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As we turn our sights to a new decade in 2020, it’s a good time to take stock of trends and opportunities facing commercial and industrial businesses and assess what kind of infrastructure they’ll need to be successful. For companies seeking to take advantage of digital technologies to help transform their businesses, the infrastructure question comes down to a simple answer: industrial edge data centers.
Industrial Edge’s Role in Digital Transformation
You’ve no doubt heard plenty about industrial edge data centers this past year and the role they play in the digital transformation of industries – Industry 4.0 as it’s known. Hopefully you’ve also learned about some of the requirements for successful industrial edge data center deployments. In this post, I’ll go through a few of the reasons why I expect the digital revolution will roll on in 2020 and beyond, only furthering requirements for industrial edge data centers.
The digital transformation commercial and industrial companies are undergoing involves instrumenting machines, such that they’re able to report on their health. It also means integrating operational, production and supply chain systems to bring more intelligence to the entire environment.
All of this creates a lot of data that has to be processed. As the Microsoft “2019 Manufacturing Trends Report” says: “For the modern manufacturer, data is no longer just the purview of IT; from supply chain management to the operations floor, data is now ubiquitous across the organization. As data becomes unified across the organization, information technology (IT) and operational technology (OT) can no longer operate independently and, as a result, are converging.”
What that means in practice is that IT equipment – servers, storage and networking gear – must co-exist in spaces with OT. These spaces – whether manufacturing floors, retail stores, restaurants, or rail stations – are often inhospitable to sensitive IT gear. That is driving the need for edge (and micro edge) data centers that include enclosures intended to protect and secure IT equipment in these environments.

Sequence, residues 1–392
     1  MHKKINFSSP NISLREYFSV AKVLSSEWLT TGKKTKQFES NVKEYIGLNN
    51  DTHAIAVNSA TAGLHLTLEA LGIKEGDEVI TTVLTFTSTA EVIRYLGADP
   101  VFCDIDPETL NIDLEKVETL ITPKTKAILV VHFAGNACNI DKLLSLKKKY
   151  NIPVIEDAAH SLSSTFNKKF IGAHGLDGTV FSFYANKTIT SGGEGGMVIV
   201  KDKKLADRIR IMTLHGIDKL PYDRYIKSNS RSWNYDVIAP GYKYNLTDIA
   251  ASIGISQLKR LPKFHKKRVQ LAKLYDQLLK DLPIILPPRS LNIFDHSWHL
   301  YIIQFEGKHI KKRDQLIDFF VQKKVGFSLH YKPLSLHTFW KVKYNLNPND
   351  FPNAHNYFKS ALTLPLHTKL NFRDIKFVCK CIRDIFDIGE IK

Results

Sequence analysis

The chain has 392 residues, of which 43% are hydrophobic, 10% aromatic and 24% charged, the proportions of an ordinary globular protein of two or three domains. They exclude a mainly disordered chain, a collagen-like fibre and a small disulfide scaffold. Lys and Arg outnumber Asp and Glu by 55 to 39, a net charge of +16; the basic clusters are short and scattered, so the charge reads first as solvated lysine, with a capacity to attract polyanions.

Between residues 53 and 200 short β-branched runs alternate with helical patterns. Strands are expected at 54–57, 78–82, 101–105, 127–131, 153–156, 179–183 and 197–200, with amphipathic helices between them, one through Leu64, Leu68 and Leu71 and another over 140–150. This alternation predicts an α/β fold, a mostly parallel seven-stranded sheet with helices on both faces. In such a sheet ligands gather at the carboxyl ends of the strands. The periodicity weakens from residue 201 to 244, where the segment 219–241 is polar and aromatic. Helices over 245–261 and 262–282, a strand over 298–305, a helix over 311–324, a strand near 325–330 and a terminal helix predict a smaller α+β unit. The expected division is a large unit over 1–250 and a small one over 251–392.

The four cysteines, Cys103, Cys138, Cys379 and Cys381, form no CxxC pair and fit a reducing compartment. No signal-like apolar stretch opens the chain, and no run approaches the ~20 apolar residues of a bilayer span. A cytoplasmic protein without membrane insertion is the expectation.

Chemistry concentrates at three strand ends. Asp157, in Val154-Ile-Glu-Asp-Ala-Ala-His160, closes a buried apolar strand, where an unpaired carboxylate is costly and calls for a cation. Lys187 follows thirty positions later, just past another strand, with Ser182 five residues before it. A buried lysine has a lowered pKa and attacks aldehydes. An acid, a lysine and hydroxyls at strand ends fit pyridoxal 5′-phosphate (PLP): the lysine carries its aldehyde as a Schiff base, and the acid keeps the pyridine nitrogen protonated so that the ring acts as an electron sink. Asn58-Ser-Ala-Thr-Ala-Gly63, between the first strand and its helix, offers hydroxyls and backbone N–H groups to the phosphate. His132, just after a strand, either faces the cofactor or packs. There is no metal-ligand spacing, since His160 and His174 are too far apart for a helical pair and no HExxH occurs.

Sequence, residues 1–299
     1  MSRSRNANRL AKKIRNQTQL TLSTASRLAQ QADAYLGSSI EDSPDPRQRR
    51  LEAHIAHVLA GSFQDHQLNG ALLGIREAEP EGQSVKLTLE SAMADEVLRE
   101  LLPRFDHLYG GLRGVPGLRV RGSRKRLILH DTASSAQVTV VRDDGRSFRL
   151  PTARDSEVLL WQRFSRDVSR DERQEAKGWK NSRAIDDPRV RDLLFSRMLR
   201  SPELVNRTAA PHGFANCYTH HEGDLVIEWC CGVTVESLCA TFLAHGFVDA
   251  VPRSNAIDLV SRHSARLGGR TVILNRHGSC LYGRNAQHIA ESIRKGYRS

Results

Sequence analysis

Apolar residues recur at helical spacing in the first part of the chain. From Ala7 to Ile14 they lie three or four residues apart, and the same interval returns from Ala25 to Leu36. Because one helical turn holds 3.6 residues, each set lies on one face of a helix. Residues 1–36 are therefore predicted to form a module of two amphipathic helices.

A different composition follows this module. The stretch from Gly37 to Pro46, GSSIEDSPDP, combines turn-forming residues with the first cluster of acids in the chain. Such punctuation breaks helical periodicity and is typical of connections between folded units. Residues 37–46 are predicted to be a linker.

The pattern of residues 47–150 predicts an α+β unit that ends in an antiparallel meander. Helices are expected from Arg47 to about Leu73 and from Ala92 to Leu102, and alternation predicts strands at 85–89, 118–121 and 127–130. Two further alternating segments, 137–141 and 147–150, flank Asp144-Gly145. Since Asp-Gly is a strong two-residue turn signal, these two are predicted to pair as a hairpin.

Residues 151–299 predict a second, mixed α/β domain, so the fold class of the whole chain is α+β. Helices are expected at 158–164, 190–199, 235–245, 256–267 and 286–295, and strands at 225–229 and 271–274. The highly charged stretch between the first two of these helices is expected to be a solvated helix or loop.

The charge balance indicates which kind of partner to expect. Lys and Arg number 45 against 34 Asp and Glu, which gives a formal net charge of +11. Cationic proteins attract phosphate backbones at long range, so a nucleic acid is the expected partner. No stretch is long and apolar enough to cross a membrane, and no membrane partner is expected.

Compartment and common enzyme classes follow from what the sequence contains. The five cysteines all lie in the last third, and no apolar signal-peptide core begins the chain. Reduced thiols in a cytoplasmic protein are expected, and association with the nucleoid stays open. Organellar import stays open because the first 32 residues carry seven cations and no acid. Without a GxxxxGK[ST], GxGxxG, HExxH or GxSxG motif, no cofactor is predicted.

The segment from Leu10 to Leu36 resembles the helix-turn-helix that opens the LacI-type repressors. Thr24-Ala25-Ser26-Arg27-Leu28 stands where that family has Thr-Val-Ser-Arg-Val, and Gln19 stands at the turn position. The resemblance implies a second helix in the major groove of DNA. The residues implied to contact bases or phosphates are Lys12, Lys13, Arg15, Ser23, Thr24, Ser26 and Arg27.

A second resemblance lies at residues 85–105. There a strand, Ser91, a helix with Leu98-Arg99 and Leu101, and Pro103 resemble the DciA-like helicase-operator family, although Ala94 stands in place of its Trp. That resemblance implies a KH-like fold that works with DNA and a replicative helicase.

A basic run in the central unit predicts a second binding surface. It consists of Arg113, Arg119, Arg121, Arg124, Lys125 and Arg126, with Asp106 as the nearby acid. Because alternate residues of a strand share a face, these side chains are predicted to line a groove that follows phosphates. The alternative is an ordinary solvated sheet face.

Rise of “as-a-service” Models
“As-a-service” models have long been associated with cloud offerings, most notably software-as-service (SaaS). But the concept is now expanding to numerous other realms, including manufacturing and product-as-a-service (PaaS, not to be confused with the cloud-based platform-as-a-service).
While contract manufacturing has been with us for some time, digitization is changing the way products are designed and produced. “These changes have led to the expansion of Manufacturing as a Service, where businesses can leverage a shared network of manufacturing infrastructure – from machines and maintenance to software and networking – to produce goods,” the Microsoft manufacturing report says.
At the same time, manufacturers are getting in on the service game by offering a string of services to go with their physical products, such as installation, ongoing monitoring and maintenance. In so doing, manufacturers can forge long-term, mutually beneficial relationships with customers, rather than settling for a one-off product purchase.
Manufacturing Gets Smarter
A common denominator in all of these trends is the simple fact that in the Industry 4.0 era manufacturing is getting smarter, taking advantage of smart sensors, advanced data processing and technologies including artificial intelligence (AI) and machine learning (ML) to bring new intelligence to manufacturing processes.
These technologies enable new levels of automation in manufacturing, including self-monitored processes, machines and quality assurance routines. AI-driven computers and machines can detect anomalies in processes and machines and make human-like decisions on the spot to correct them.
Intelligence extends to products even after they leave the factory, with cloud-based monitoring and management capabilities reporting on the health of products and driving predictive maintenance capabilities. Maintenance services, for example, are far more effective when the product under warranty can report on its status and enable the manufacturer to delight customers by telling them when their product needs attention vs. the other way around.
Continued Focus on the Industrial Edge
All of these trends rely on reliable, secure, powerful compute power to be readily available at the industrial edge, whether that’s on a manufacturing floor or in a retail store. Taking advantage of these Industry 4.0 technologies means seeking out partners that can deliver all the required components.
Schneider Electric, of course, has industrial edge data center racks and enclosures suitable for everything from office locations to manufacturing floors, complete with power protection, cooling and security. We also have a strong lineup of alliance partners – including Cisco, Dell EMC, HPE, NetApp, Nutanix and more – to supply all the IT servers, storage and networking equipment you’ll need. That includes hyperconverged micro data center solutions that put it all in a single IT device and enclosure – perfect for the industrial edge. Lastly, we also offer software and services that provide real-time monitoring and management capabilities which is vital in distributed IT environments.
As we head into the 2020s, it’s clear Industry 4.0 technology will continue to dominate in the commercial and industrial space, as companies further their digital transformations. It’s equally clear that reliable edge data center solutions will play a significant role – and we plan to be with you every step of the way.